The thermosphere as a sink of magnetospheric energy: A review of recent observations of dynamics

T. L. Killeen

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The study of the dynamics and thermodynamics of the earth's upper atmosphere has made significant progress over the past few years owing to the availability of new global-scale data sets from the Dynamics Explorer satellites. The thermospheric wind and temperature fields at high latitude have been observed to depend strongly on forcing processes of magnetospheric origin. A key momentum source is due to the drag effect of ions convecting in response to electric fields mapped down on the ionosphere from magnetospheric boundary regions. Likewise, an important heat source derives from Joule or frictional dissipation due to ion/neutral difference velocities governed, in turn, by magnetospheric forcing. In this paper we discuss the progress made over the last 2-3 years initiated by the new satellite measurements and we review published data on ion and neutral motions in the context of the energy and momentum coupling between the magnetosphere and the ionosphere/neutral upper atmosphere. The observations indicate the existence of a "flywheel effect" which implies direct feedback from the neutral thermosphere to the magnetosphere via the release of energy and momentum previously "stored" in the neutral thermosphere.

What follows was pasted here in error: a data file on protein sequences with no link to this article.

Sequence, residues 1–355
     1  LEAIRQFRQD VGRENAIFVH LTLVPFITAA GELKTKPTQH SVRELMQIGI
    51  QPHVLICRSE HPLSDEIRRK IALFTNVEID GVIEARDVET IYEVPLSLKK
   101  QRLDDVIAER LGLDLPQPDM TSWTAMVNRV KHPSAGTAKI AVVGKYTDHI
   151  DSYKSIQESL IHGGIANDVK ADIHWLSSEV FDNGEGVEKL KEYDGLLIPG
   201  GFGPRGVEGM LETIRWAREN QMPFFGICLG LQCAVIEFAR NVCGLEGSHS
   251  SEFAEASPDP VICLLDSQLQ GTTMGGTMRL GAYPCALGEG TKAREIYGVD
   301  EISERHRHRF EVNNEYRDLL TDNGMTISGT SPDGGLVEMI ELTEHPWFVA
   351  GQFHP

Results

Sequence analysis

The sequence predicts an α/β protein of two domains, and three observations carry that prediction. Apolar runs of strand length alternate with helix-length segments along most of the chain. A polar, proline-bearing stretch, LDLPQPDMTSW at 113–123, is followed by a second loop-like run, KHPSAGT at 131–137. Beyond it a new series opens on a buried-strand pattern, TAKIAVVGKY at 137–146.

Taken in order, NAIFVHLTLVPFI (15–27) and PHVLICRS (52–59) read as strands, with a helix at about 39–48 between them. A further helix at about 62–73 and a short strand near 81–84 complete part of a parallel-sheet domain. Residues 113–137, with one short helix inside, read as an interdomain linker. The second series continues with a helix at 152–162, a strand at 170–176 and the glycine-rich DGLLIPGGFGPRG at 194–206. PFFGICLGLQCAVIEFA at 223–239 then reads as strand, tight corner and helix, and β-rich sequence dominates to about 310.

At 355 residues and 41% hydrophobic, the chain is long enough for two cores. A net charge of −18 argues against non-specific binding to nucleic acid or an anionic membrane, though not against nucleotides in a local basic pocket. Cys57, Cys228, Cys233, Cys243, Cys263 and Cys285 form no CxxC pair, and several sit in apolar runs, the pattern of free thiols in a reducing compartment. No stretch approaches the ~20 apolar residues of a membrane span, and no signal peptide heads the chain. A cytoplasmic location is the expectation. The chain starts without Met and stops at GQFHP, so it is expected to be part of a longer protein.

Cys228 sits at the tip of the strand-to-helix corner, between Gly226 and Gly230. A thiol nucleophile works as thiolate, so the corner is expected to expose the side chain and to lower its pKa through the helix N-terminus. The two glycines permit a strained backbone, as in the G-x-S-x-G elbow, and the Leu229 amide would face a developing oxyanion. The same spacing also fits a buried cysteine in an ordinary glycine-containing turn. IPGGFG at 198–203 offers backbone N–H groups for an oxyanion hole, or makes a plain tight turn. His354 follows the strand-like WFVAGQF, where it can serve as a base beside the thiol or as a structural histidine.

Original languageEnglish (US)
Pages (from-to)257-265
Number of pages9
JournalAdvances in Space Research
Issue number4
StatePublished - 1985
Externally publishedYes

ASJC Scopus subject areas

  • Aerospace Engineering
  • Astronomy and Astrophysics
  • Geophysics
  • Atmospheric Science
  • Space and Planetary Science
  • General Earth and Planetary Sciences


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